The Department of Education (DE) has confirmed that it is working with Foyle College in Derry to ‘secure repayment of funds’ linked to its relocation to Limavady Road.
Last week, the Derry News revealed that the local school has launched a fundraising appeal to gather the £821,000 it owes the DE.
Foyle College is a co-educational Voluntary Grammar School which has been providing a high-quality education for young people in the city and surrounding area for over 400 years.
It is understood that the debt has to be repaid by the end of June or the school risks losing its Voluntary Grammar status and by extension its independence.
The DE was asked to confirm the date by which the debt has to be paid, what formula is used to decide how much the DE got from the sale of the old Foyle College lands and the potential ramifications if the money cannot be gathered.
In response, a DE spokesperson said: “As per normal procedures with schools, the Department is continuing to work with Foyle College to secure repayment of funds related to their move to the new site at Limavady Road.”
Following the publication of last week's article in the Derry News, a former pupil of Foyle College who is now living in Canada got in touch with the paper to encourage people ‘from around the world’ to help the local school.
In 2018, Foyle College moved around 850 pupils from its home on Duncreggan Road and Northland Road to a new ‘state of the art’ campus on Limavady Road.
The DE purchased the site and building.
However, to allow pupils to attain the ‘first class’ academic, athletic and artistic standards it has set, the local College invested in additional facilities including sports pitches and extra classrooms.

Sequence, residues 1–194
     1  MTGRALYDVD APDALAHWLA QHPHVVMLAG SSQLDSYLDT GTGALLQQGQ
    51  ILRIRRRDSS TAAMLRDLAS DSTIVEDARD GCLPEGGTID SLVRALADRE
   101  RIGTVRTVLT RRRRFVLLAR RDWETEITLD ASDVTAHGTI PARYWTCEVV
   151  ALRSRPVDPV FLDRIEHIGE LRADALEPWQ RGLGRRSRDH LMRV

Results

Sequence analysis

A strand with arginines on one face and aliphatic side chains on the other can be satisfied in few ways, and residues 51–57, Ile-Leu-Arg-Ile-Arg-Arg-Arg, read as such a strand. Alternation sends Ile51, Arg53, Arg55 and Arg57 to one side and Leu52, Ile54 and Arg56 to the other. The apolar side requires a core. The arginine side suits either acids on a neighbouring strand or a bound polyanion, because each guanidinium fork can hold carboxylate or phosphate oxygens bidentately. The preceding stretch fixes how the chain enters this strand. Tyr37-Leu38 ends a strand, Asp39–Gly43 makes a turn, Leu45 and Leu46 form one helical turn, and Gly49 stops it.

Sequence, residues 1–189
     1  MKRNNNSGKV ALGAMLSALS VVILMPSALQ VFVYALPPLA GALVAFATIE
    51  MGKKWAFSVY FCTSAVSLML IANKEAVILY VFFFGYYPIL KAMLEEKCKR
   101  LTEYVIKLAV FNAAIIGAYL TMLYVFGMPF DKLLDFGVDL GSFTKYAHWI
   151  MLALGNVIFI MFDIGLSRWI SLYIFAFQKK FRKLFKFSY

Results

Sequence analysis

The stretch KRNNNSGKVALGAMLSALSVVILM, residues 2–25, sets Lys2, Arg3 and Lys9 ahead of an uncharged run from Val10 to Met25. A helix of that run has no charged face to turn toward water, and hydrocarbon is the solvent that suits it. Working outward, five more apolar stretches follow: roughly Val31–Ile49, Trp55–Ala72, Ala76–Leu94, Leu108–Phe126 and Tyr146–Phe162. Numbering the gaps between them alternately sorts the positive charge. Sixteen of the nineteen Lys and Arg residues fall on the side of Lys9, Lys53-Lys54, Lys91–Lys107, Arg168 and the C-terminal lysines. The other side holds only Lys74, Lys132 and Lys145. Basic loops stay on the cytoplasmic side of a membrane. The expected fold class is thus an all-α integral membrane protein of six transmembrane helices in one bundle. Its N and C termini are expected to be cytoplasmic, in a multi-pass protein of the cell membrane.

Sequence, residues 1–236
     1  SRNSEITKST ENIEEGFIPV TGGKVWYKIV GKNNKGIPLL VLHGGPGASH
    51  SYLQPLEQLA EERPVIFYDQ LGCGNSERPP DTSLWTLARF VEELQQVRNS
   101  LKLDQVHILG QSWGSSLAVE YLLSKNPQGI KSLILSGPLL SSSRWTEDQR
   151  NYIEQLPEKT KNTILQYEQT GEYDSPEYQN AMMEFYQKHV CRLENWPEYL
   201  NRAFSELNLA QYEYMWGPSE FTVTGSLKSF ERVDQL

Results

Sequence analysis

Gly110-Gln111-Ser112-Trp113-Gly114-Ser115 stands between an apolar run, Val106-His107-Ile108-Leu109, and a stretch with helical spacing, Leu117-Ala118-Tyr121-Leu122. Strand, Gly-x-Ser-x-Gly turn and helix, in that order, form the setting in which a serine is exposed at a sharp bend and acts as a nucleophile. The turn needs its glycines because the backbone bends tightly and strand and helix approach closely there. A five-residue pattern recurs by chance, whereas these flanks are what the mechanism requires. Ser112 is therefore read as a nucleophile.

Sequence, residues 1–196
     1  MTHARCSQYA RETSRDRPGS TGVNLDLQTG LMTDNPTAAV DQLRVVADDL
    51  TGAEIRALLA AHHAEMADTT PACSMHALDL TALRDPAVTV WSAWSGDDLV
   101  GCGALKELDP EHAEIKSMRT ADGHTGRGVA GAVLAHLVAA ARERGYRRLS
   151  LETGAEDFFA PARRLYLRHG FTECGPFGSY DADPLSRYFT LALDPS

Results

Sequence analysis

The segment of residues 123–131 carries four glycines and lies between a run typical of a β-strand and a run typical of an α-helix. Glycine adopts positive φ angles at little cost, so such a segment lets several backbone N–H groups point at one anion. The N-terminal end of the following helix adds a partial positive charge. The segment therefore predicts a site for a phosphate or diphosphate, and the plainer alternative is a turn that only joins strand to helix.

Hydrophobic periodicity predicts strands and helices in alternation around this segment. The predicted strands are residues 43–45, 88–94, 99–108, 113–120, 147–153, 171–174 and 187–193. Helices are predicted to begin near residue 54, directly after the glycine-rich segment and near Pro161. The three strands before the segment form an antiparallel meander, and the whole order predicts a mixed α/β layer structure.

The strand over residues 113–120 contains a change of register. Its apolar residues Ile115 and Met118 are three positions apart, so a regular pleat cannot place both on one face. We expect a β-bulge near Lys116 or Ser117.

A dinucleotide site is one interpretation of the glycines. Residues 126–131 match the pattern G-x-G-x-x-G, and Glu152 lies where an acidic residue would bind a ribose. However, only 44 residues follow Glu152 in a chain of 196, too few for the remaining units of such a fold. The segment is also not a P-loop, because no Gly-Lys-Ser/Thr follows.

These enhanced facilities came at a cost of £2.4m.
Around £1m of that cost was covered by a previous fundraiser while the school awaited the final figures for the sale of its former campuses.
It has since emerged that DE sold the original lands for £3.4m.
According to Foyle College, the department retained £2.8m of that for grants it previously awarded to the old school sites.
That means £0.6m was available to the school, leaving a deficit of £821,000.
In correspondence with alumni and friends of the school, the College says DE’s figures are based on ‘clawing back’ money that has been spent on a school prior to its new build.
It reads: “Because the school has received grants from DE over the past 50 years to fund capital items at Springtown and Duncreggan, legislation provides that DE claw back a proportion of these grants against any sale proceeds from land owned by the school.”
Foyle College is asking friends of the school to help raise £821,000 by June 30.
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